How did this experience compare to working on “The Pete Holmes Show” at TBS?

Working on Pete was great. He’s a super talented guy. To a certain extent they’re both sort of traditional television constructs. Late Night has been around for 50-60 years… and sketch shows have been around a long time. What was interesting about the sketch show is, from a production point of view, we made the decision to speed it up—to do more things and have them all be shorter… We wanted to keep the pace high and maintain across the season. It really impacted our schedule in terms of [the fact that] it wasn’t built up to provide us the time to do more, smaller pieces. We had to just get them all done within the same amount of time that we were set up for. It was a challenge to make sure every episode maintained the pace that we had in our pilot and second episode.

Did any other sketch or comedy shows influence the format?

The influence [in format] was probably YouTube more than anything else. Everybody’s watching stuff on it and they’re watching short pieces. You’re seeing things like Vines that are very funny and are 6 seconds long. [We said] let’s make each piece something you can sink your teeth into and enjoy and have fun with, but as soon as it’s done let’s not be precious about it.

In terms of comedy, I’d say something like “In Living Color.” I grew up in a small town in Ohio and culturally, relatively homogenous. And when I watched In Living Color as a kid it didn’t come off as an “urban show.” It was just funny. That’s very much the way the cast members and writers are. They weren’t looking to come out and do and urban show. They just wanted to be funny. You can do a show with a predominantly African-American cast and just be funny comedians, and not necessarily have to take a hardline stance on things like race. We have over 100 sketches in our first season and our man-on-the-street pieces, I think it’s 150 individual joke pieces across our 10 episodes. So sometimes we do touch on race, but it’s not something that we planned for.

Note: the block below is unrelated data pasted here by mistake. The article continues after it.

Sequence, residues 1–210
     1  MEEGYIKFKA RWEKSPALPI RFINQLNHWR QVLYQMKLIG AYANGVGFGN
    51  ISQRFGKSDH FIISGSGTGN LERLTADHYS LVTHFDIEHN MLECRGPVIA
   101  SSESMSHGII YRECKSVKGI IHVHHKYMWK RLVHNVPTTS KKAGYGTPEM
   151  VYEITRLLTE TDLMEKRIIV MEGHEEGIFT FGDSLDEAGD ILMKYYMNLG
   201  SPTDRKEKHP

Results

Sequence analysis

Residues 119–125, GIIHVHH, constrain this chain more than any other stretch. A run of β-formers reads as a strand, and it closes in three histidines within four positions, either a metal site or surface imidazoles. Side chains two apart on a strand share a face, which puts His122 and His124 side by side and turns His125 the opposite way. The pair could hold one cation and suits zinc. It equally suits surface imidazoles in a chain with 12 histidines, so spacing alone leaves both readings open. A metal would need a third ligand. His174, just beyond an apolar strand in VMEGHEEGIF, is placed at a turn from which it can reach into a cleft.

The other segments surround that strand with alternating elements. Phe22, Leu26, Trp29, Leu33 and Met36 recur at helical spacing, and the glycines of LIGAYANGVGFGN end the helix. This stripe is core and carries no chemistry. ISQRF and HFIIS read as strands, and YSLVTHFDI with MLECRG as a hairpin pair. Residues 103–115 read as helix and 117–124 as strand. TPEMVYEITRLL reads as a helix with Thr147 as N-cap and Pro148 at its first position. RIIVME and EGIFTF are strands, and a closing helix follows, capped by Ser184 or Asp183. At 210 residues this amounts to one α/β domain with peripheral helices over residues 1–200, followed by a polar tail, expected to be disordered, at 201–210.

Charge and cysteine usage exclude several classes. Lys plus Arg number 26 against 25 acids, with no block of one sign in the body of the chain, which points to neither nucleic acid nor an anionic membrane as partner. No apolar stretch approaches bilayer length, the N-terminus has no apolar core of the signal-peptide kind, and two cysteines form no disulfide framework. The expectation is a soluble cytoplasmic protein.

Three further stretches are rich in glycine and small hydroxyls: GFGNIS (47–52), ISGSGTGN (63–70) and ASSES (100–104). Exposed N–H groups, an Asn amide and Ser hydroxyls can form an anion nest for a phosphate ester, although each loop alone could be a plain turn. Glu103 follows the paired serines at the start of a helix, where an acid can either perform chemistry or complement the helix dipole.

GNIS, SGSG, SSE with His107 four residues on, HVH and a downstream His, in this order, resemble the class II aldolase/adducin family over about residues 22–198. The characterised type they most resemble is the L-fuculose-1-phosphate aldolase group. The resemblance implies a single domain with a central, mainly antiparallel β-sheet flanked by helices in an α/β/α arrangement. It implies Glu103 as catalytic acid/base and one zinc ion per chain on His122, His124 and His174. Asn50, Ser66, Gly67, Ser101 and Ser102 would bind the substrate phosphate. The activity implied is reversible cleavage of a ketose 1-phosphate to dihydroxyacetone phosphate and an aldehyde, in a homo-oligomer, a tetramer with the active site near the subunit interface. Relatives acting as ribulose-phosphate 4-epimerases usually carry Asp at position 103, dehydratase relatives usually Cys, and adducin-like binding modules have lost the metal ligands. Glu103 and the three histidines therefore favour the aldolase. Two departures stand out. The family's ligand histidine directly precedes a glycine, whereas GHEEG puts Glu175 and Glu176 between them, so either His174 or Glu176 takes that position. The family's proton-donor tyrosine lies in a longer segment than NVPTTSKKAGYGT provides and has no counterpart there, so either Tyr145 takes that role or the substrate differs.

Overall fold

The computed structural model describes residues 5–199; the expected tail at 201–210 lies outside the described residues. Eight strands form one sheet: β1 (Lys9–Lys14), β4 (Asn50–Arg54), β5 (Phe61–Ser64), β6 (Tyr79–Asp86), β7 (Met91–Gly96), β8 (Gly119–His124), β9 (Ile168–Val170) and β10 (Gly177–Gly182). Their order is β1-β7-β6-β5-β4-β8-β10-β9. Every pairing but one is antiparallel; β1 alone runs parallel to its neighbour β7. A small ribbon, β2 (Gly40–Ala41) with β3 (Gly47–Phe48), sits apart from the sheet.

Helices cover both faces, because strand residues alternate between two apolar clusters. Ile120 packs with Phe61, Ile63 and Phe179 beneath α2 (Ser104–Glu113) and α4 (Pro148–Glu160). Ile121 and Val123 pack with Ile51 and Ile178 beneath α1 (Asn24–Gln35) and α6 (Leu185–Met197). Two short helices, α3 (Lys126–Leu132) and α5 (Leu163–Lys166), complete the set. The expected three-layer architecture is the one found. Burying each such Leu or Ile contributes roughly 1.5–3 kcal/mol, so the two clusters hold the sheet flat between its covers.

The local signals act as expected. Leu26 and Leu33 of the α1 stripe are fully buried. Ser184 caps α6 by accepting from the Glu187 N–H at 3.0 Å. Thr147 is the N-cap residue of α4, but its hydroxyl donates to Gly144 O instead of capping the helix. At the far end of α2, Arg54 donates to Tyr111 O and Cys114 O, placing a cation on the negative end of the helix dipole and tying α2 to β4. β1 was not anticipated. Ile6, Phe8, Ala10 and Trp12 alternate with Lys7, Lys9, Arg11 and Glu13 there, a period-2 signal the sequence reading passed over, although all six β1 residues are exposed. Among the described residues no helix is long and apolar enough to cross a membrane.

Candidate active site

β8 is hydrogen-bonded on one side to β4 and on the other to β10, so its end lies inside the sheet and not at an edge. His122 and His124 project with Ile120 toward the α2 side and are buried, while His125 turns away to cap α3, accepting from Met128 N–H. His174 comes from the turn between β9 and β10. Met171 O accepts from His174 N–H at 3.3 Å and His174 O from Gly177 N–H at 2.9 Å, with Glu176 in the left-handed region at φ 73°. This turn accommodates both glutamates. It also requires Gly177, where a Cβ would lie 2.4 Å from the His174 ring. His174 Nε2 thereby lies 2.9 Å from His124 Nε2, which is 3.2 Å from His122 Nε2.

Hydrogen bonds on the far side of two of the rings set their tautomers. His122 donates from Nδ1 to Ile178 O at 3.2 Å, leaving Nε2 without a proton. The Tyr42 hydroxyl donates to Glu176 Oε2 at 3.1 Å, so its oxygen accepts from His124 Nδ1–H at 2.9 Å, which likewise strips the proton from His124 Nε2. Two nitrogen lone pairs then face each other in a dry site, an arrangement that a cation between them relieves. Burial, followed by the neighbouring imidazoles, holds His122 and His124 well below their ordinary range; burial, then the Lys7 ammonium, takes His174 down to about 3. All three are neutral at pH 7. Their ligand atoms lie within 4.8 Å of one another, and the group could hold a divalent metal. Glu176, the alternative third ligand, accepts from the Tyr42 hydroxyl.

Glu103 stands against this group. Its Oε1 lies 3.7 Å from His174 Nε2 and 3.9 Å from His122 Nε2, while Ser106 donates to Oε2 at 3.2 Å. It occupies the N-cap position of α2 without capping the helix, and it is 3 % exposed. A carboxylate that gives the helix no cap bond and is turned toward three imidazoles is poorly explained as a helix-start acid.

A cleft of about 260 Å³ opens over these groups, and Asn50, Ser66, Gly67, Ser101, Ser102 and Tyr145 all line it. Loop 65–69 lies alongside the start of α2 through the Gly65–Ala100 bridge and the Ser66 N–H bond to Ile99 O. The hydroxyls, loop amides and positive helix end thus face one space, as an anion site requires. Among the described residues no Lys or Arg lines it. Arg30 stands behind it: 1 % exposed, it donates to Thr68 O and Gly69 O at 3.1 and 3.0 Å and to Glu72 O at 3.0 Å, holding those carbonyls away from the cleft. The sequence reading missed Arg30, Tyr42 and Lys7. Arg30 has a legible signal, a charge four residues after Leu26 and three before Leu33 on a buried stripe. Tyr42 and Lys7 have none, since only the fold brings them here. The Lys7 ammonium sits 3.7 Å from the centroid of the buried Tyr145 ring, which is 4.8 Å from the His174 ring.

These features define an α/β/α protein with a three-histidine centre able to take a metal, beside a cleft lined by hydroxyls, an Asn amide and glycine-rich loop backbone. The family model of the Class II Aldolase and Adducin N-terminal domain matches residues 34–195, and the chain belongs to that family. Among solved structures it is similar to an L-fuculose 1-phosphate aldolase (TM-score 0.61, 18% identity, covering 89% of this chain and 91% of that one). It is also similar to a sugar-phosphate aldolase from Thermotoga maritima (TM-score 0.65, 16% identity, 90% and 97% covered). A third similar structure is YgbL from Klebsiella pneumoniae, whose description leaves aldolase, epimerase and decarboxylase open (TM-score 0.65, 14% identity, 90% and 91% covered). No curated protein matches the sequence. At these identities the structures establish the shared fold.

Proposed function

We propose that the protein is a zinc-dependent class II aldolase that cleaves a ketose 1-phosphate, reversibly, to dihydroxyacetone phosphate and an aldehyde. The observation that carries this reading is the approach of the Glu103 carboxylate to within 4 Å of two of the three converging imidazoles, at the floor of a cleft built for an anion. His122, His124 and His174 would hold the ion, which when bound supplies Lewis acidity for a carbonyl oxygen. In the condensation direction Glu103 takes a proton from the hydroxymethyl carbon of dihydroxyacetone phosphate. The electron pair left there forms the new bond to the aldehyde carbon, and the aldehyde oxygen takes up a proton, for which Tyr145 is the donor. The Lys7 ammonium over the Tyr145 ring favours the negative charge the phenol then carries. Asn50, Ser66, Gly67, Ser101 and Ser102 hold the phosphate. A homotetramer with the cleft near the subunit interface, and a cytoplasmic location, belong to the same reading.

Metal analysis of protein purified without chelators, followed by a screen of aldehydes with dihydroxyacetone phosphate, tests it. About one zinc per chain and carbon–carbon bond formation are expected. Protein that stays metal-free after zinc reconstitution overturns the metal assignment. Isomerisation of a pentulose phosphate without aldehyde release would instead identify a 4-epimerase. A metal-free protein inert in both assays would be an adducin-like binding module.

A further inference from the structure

Talk about the writing process. Was it fully collaborative?

It was really fun. We had seven cast members who were also writers and producers. And we had two staff writers and myself, and a writer’s assistant. There was a lot of workshopping and table reading. One of the challenges was making sure that each person’s voice was pure and that we weren’t necessarily going, ‘well I’m going to write for all seven of you, and I’m going to try and write it for the way you say it.’ We wanted to make sure everyone stayed invested and their voice came across. So it was very collaborative. We wanted to make sure that they had their own individual ideas they were passionate about, but also when Jen is in Josh’s sketch, she also has her voice and can do her comedy.